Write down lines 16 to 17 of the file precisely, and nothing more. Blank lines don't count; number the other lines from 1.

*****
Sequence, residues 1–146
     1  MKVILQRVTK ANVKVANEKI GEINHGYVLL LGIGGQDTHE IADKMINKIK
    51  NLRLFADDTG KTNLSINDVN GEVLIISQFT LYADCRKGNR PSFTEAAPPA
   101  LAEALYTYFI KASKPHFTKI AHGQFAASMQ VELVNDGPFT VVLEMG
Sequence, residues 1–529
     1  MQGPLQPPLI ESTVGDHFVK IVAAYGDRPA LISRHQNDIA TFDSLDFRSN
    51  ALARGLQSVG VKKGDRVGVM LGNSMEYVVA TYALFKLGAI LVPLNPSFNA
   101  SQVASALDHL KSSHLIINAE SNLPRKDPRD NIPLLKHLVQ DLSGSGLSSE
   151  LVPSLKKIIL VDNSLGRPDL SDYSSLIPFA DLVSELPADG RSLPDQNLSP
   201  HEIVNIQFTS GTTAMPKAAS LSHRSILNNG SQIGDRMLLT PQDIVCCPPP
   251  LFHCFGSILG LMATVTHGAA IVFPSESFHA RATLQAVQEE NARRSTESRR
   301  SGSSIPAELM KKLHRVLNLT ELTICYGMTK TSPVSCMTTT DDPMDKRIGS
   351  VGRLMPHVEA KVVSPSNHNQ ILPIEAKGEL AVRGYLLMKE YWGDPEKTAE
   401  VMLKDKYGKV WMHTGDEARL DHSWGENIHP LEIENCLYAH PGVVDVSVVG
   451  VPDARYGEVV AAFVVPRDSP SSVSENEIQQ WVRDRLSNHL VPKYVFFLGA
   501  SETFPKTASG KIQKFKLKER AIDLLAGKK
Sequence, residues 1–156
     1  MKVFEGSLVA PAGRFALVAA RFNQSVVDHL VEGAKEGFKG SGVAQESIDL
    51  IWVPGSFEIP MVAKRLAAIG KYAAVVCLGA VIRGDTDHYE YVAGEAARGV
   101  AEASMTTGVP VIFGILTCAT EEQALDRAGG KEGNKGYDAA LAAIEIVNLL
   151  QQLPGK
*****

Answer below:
   501  SETFPKTASG KIQKFKLKER AIDLLAGKK
Sequence, residues 1–156